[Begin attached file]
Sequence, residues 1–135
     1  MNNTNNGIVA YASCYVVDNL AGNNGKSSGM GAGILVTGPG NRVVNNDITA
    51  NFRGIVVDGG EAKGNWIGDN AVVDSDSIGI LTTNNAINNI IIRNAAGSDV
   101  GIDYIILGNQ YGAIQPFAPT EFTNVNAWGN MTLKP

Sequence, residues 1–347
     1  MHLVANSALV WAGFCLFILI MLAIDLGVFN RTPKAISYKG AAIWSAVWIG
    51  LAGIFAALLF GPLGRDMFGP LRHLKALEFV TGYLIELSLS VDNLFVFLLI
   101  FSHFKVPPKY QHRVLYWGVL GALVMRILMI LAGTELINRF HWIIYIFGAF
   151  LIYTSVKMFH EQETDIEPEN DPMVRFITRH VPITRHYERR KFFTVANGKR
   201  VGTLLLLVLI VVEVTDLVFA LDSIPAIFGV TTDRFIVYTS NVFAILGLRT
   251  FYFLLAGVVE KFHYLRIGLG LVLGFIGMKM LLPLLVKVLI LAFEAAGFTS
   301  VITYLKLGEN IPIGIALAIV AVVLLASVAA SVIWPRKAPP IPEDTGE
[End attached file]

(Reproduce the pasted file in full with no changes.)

Sequence, residues 1–135
     1  MNNTNNGIVA YASCYVVDNL AGNNGKSSGM GAGILVTGPG NRVVNNDITA
    51  NFRGIVVDGG EAKGNWIGDN AVVDSDSIGI LTTNNAINNI IIRNAAGSDV
   101  GIDYIILGNQ YGAIQPFAPT EFTNVNAWGN MTLKP

Sequence, residues 1–347
     1  MHLVANSALV WAGFCLFILI MLAIDLGVFN RTPKAISYKG AAIWSAVWIG
    51  LAGIFAALLF GPLGRDMFGP LRHLKALEFV TGYLIELSLS VDNLFVFLLI
   101  FSHFKVPPKY QHRVLYWGVL GALVMRILMI LAGTELINRF HWIIYIFGAF
   151  LIYTSVKMFH EQETDIEPEN DPMVRFITRH VPITRHYERR KFFTVANGKR
   201  VGTLLLLVLI VVEVTDLVFA LDSIPAIFGV TTDRFIVYTS NVFAILGLRT
   251  FYFLLAGVVE KFHYLRIGLG LVLGFIGMKM LLPLLVKVLI LAFEAAGFTS
   301  VITYLKLGEN IPIGIALAIV AVVLLASVAA SVIWPRKAPP IPEDTGE